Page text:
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Drinking and drug use from a prospective perspective

Wednesday, October 26, 2011 — Poster Session III

10:00 a.m. – Noon

Natcher Conference Center



* FARE Award Winner


  • M Jobes
  • D Epstein
  • K Preston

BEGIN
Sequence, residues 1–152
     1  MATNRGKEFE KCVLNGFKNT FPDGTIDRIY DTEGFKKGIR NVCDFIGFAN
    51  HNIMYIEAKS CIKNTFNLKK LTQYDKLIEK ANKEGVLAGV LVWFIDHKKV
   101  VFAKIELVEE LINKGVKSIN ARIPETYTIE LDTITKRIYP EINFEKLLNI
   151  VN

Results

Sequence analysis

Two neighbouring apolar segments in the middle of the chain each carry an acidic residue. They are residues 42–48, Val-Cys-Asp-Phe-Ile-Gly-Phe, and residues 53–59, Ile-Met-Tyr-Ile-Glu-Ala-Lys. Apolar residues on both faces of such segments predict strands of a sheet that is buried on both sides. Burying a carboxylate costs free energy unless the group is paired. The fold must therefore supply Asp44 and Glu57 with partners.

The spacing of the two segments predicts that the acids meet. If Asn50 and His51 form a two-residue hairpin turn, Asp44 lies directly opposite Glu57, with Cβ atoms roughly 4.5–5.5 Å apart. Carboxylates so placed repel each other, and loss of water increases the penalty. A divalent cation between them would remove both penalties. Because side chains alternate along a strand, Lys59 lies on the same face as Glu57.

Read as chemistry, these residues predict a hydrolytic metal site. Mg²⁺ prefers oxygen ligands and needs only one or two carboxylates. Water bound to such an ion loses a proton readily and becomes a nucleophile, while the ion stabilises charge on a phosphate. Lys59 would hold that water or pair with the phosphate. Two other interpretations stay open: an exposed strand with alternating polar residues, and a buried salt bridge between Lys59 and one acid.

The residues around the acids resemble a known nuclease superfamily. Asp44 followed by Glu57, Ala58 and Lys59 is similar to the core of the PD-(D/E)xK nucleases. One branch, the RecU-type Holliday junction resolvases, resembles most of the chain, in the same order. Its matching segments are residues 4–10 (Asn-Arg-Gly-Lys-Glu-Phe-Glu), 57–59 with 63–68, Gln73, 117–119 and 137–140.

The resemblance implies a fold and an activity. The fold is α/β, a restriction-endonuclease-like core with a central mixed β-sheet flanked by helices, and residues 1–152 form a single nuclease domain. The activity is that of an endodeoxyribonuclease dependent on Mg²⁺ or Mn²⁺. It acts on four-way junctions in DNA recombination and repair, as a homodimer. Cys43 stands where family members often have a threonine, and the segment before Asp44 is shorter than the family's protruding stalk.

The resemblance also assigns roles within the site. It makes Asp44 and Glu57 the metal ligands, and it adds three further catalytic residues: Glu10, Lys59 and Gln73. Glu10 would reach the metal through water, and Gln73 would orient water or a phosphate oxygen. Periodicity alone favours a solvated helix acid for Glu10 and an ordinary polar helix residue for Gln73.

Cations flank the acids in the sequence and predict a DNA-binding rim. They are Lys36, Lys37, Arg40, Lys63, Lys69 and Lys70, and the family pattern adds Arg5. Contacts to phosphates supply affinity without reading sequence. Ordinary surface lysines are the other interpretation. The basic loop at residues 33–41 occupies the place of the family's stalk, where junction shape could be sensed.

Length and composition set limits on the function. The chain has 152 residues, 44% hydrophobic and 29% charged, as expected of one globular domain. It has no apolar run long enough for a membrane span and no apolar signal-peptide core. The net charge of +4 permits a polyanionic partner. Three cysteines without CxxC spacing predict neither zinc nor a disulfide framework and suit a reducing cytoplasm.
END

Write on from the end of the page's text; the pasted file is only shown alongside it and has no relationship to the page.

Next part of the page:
Aim: To investigate the relationships between triggers, including alcohol consumption, drug use and craving. Methods: The day-to-day experience of addiction and recovery was examined using ecological momentary assessment (EMA) as a real-time data collection method in a prospective, longitudinal, cohort study of heroin and cocaine users; individuals who met DSM criteria for alcohol abuse/dependence were excluded. 114 methadone-maintained participants carried handheld data collection devices (PDAs: personal digital assistants) during all waking hours for up to 25 weeks. Participants responded to 2-5 random prompts per day reporting their locations, moods, and activities, including whether they were drinking alcohol. Participants also initiated entries when they used or craved heroin or cocaine; drinking was assessed at these “event-contingent” entries (ECs) as well. Results: Participants reported drinking alcohol in 1.6% of random-prompts. Frequency of drinking was over two times higher in ECs when craving for cocaine and/or heroin was reported, and almost 8 times higher in ECs when actual use of cocaine or heroin was reported. Conclusions: The association between alcohol and drug use established in retrospective studies was confirmed in this prospective EMA study. Even among participants with low baseline rates of alcohol consumption, alcohol was associated with drug craving and actual use.

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